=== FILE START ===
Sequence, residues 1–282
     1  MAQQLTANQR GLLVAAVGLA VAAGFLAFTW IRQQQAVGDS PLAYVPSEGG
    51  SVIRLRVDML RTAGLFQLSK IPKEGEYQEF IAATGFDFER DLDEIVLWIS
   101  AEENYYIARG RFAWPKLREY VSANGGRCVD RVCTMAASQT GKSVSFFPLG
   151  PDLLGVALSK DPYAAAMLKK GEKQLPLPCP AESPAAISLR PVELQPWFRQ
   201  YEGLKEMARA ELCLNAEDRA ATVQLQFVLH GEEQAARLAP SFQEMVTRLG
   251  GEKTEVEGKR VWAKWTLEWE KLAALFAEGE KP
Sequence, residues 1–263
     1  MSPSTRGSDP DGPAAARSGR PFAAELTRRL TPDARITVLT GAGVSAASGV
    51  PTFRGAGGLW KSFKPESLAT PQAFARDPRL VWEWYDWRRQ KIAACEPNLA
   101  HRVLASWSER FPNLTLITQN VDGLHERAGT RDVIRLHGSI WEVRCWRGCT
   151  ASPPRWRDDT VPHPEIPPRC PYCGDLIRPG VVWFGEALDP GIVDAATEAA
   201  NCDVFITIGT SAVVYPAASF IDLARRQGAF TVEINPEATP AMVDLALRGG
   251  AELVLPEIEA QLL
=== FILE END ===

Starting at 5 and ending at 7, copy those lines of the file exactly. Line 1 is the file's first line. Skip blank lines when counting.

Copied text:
   151  PDLLGVALSK DPYAAAMLKK GEKQLPLPCP AESPAAISLR PVELQPWFRQ
   201  YEGLKEMARA ELCLNAEDRA ATVQLQFVLH GEEQAARLAP SFQEMVTRLG
   251  GEKTEVEGKR VWAKWTLEWE KLAALFAEGE KP